When "King James" was just a young prince growing up in Akron, Summit Lake Community Center was his castle where he held court.
Inside the brick building on West Crosier Street, there is plenty of LBJ decor highlighting the center as the place where he got his start, including pictures, magazine and newspaper articles, his basketball shoes and a mosaic of a younger looking James.
Audley McGill coached Lebron between the ages of 7 and 10 during a youth basketball clinic at Summit Lake.
McGill remembers that LeBron embraced the concept of teamwork and "making the right basketball play" right away.
"His mentality was, and he was coached to, make sure you get people involved, run the offense and score when you can," McGill said.
McGill believes James is continuing to follow that approach, especially during the Cleveland Cavaliers playoff run, in which he hasn't always been the highest scorer on the team.
It's not like he's failing to knock down baskets. He averaged 26 points against the Toronto Raptors in the Eastern Conference Finals, but he hasn't been forced to carry the Cavs.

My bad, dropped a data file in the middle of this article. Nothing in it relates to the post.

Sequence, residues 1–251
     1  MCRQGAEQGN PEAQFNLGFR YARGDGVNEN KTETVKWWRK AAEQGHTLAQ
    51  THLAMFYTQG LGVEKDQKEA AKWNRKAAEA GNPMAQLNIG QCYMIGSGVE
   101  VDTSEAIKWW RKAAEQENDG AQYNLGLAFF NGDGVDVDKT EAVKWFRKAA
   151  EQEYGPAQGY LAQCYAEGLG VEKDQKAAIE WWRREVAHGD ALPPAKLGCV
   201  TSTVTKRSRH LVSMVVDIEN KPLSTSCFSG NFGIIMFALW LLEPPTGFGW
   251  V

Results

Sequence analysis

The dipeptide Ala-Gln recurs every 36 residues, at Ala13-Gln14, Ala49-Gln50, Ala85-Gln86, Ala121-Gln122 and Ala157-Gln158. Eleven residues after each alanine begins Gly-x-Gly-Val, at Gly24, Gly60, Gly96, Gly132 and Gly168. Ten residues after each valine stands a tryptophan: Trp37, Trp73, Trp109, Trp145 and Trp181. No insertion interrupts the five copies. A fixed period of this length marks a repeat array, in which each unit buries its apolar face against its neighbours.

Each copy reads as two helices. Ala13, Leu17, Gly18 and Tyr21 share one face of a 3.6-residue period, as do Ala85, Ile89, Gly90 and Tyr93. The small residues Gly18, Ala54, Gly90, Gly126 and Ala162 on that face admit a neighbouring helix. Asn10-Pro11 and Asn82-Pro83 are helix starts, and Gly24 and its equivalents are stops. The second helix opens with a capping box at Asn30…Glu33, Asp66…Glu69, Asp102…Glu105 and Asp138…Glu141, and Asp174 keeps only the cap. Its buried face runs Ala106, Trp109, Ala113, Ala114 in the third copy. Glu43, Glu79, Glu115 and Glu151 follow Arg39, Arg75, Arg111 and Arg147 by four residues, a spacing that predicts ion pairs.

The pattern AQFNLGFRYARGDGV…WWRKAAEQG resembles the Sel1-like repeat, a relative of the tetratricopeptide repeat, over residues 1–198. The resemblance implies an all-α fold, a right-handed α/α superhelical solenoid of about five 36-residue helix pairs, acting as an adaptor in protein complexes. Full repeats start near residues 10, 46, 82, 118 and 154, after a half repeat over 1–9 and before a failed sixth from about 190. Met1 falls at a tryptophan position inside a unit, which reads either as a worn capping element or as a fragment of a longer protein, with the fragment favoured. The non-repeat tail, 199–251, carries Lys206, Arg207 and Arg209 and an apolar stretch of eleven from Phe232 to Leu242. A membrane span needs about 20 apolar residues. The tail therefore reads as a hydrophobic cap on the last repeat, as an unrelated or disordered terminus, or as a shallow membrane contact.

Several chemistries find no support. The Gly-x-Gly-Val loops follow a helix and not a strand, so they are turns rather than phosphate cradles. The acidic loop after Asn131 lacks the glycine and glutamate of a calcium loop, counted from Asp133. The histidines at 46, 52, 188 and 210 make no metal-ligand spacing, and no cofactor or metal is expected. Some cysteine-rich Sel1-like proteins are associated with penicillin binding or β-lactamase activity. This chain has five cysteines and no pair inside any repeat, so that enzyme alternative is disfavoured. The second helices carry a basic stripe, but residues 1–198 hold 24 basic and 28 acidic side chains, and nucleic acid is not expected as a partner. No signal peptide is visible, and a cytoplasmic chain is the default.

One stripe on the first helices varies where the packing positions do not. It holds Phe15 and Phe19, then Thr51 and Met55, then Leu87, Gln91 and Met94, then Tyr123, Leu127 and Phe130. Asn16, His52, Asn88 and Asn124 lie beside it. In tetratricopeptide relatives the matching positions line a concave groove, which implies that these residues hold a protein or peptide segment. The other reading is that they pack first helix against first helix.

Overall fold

Jerry Rowland, an Akron recreation supervisor who has known James for 23 years, said the NBA superstar appears to be more comfortable this year as "a facilitator."
"It's easier for him to let Love and Kyrie develop their game because his game is there," Rowland said.
Christian Bates played with and against James as a child and is excited about the chances of the Cavs winning the first championship for Cleveland since 1964.
Bates feels the best is yet to come from James in The Finals.
"I don't think any other superstar in the league would be able to distribute the ball the way he does," Bates said. "He's pacing himself because he knows he has something to conquer during The Finals.